In the UK, around nine in ten people live in towns and cities, drawn to their vibrant lifestyles and dynamic economies.
But cities face growing challenges, too: ageing housing stock, clogged-up transport systems, not to mention the need to “future proof” themselves against a changing climate. And all this at a time of a prolonged spending squeeze…
So how are they measuring up? Forum for the Future’s fourth annual Sustainable Cities Index, sponsored by GE, takes the pulse of Britain’s 20 largest urban centres, charting their performance against key social, economic and environmental indicators. And for the second year running, Newcastle has taken the top slot, ahead of rivals Leicester, Brighton, Bristol and London.
So what’s Toon Town getting right? For a start, it’s got ambition. It has placed itself at the centre of a growing cleantech industry, aiming to become a world class hub of science and innovation. With 580 electric vehicle charging points in the pipeline, it’s on the way to becoming the UK’s EV capital. And it’s backed the local economy right through the recession, supporting start-ups and investing in infrastructure.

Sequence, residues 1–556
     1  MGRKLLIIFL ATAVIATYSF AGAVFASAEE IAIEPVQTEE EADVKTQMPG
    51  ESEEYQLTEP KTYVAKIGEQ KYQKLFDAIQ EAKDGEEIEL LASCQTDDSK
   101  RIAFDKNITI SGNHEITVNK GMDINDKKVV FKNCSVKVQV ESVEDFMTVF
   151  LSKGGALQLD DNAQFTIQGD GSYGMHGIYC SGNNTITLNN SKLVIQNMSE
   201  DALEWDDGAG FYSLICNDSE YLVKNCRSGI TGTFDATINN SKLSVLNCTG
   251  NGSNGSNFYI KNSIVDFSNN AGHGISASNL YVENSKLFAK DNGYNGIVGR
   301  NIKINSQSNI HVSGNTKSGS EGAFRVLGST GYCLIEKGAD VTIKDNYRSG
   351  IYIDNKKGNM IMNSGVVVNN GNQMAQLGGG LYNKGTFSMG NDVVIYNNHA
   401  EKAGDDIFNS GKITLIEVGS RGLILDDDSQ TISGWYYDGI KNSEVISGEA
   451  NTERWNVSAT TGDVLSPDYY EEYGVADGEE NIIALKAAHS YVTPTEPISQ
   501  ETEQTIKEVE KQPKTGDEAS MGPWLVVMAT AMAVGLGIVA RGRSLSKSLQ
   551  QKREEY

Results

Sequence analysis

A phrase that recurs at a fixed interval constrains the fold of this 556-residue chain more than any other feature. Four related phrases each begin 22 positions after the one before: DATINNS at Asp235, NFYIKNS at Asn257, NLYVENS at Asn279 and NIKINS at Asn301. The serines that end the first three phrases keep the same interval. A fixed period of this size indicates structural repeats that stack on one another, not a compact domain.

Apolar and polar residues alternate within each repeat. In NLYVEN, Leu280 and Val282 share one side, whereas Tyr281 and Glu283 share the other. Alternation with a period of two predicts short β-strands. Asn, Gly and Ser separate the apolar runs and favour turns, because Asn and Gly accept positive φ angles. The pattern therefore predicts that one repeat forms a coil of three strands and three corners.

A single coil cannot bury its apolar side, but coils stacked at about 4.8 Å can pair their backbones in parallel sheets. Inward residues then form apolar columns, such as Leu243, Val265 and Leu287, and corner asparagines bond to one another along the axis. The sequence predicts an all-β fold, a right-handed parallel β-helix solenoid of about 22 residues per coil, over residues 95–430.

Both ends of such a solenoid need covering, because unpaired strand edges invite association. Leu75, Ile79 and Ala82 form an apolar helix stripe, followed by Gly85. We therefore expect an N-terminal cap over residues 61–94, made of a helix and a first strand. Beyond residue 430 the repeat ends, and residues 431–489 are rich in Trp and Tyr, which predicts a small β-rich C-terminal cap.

Peter Madden, the Forum’s Chief Executive, wants to see others follow its lead. “Cities are having to count every penny, so it’s essential that they invest wisely for long-term success.”
London is top of the table when it comes to future-proofing, with strong plans to reduce emissions and adapt to climate change. It also boasts the highest level of business start-ups. But it falls down on air quality and has one of the fattest ecological footprints.
So, given the variety of ingredients that go into healthy lifestyles and happy communities, what’s the best strategy for our urban leaders? The key, says Tony Gale, General Manager GE City Infrastructure, is to de-couple quality of life from high levels of consumption and waste, and that — he concludes — should be “a fantastic opportunity.”
Editor’s note: This article was written by Anna Simpson of Forum for the Future. This piece originally appeared in Green Futures, which is published by Forum for the Future and is the leading magazine on environmental solutions and sustainable futures. Its aim is to demonstrate that a sustainable future is both practical and desirable — and can be profitable, too.